Most websites utilize cookies as a mode of identifier for sessions that are user based. This is because other modes of identifying web users come with few vulnerabilities and limitations. If any website utilizes cookies as a mode to identify sessions, attackers will have the ease of impersonating users’ requests. They do this by stealing an entire set of victims’ cookies. When looked at from the point of view of a web server, requests from an attacker have the same authentication as requests from a victim; thus, the attack is undertaken on behalf of the victim.

Hence, it is very important that cookies are made secure. 

How to secure Session and XSRF-TOKEN cookies with Laravel?

You can secure your session and the XSRF-TOKEN cookies by following the below-mentioned ways:

  • Announce the value of the SESSION_SECURE_COOKIE environment variable as true in your .env file as below:
  • Once done, look for the ‘secure’ key in the config/session.php file. Once you find it, all you have to do is set the key to the value of your formerly defined SESSION_SECURE_COOKIE variable as below:
secure cookies with laravel

How to Secure custom cookies with Laravel? 

We’ve discussed how to secure the session and XSRF-TOKEN cookies. What about cookies that have a custom script? The procedure to secure such cookies is even simpler.

Once you have activated the session that is secure (like mentioned in the above point), all your cookies are already encrypted by the system by default. There are no additional steps required to secure your custom cookies. However, if you’re wondering if there is a way to select cookies that should not be encrypted, yes, there is. The file App/Http/Middleware/EncryptCookies.php is a middleware which allows you to exclude certain cookies from being encrypted.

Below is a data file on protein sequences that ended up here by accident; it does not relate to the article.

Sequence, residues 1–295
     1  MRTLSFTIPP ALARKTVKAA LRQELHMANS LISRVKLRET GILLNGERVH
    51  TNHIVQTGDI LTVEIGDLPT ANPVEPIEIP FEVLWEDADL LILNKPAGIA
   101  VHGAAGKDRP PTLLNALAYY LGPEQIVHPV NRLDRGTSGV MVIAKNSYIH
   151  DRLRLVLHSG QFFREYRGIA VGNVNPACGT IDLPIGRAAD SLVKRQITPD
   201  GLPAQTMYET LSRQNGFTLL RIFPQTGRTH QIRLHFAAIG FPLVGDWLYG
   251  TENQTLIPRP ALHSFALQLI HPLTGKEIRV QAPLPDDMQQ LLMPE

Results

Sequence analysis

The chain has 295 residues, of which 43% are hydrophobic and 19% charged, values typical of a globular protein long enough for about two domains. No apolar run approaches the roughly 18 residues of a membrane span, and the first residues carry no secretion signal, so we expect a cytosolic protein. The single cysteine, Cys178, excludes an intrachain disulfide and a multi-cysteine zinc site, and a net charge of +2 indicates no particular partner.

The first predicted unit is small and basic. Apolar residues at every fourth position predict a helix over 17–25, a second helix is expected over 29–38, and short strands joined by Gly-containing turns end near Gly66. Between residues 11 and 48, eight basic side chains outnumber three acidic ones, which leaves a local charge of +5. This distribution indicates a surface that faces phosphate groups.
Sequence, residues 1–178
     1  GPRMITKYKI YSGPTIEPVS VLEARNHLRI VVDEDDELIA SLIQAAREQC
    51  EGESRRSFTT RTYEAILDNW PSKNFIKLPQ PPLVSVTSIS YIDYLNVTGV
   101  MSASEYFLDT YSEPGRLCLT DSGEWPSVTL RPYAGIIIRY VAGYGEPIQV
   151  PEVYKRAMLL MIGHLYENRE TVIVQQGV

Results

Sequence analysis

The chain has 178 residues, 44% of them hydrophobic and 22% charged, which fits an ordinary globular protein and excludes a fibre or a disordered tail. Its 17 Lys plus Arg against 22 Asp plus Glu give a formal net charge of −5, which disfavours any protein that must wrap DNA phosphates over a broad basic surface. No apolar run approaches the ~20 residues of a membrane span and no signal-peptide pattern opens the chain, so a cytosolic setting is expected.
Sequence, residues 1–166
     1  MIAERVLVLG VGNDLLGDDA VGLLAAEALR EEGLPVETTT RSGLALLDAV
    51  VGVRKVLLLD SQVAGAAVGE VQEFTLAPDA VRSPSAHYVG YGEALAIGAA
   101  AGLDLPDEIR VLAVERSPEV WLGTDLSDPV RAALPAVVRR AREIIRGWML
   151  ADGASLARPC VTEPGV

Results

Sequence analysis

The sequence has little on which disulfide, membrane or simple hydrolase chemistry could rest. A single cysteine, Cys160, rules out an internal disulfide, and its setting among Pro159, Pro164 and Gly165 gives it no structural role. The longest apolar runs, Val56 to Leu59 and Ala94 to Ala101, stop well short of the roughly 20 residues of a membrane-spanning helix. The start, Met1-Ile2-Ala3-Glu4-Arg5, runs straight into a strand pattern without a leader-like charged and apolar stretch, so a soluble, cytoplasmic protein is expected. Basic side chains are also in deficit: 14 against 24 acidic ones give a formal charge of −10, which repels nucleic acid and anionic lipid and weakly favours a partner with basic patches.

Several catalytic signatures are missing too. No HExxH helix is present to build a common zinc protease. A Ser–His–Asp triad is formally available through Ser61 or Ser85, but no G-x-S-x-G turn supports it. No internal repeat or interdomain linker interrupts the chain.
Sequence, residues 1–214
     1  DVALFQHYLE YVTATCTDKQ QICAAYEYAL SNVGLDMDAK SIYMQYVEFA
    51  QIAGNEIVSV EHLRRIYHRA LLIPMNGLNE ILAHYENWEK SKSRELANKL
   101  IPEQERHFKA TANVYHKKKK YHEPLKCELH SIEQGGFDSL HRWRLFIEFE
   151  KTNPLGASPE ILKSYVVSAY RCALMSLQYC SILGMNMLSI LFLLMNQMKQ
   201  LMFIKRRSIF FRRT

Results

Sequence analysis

namespace App\Http\Middleware;
use Illuminate\Cookie\Middleware\EncryptCookies as Middleware;
class EncryptCookies extends Middleware
    * The names of the cookies that should not be encrypted.
    * @var array
   protected $except = [

Every time a request is received, that middleware is invoked. This is because it is positioned in the app/Http/Kernel.php file.

 * The applications' route middleware groups
 * @var array
protected $middlewareGroups = [
    'web' => [

Key points to consider for securing custom cookies:

  • You can only encrypt custom cookies whenever HTTPS is utilized, which makes use of the secure attribute. If you make an attempt to encrypt cookies through an HTTP connection, you will receive the message:
 Cookie "lang" has been rejected because a non-HTTPS cookie can't be set as "secure"
  • Before and after setting the secure attribute, you can check the cookie values in Firefox Developer Mode’s Storage tab.

You can follow the above steps to secure cookies with Laravel. And if you’re looking to develop a web application with Laravel and secure it, connect with the best Laravel web development company and let your ideas turn into reality. 

Frequently asked questions

Is the session of Laravel secure?

With Laravel, you can encrypt data with AES-256 and AES-128 using the OpenSSL library. Laravel uses a Message Authentication Code (MAC) to ensure that encrypted values cannot be modified by unauthorized and unwanted parties.

Is Laravel safer and more secure than PHP?

Because of the Laravel security features, this framework is comparatively more secure when compared with other PHP frameworks.

What kind of encryption does Laravel make use of?

Laravel’s encrypter makes use of OpenSSL in order to provide  AES-128 and AES-256 encryption. It is strongly recommended that you do not try to roll your own encryption algorithms and instead use Laravel’s built-in encryption facilities.

Author bio: A marketer, developer and expert in the Internet of Things, ChatBot, and blockchain technologies, Harikrishna Kundariya is the cofounder of eSparkBiz Technologies and serves as its Director. With over ten years of experience in the field, he provides digital solutions to new start-ups based on IoT and ChatBot.

Disclaimer: This guest article is for general informational purposes only and should not be relied upon as legal or professional advice. The views expressed in this article are the guest author’s own and do not necessarily reflect those of CookieLawInfo, which will not be held liable for any inaccuracy. We do not endorse any products or services mentioned in the article.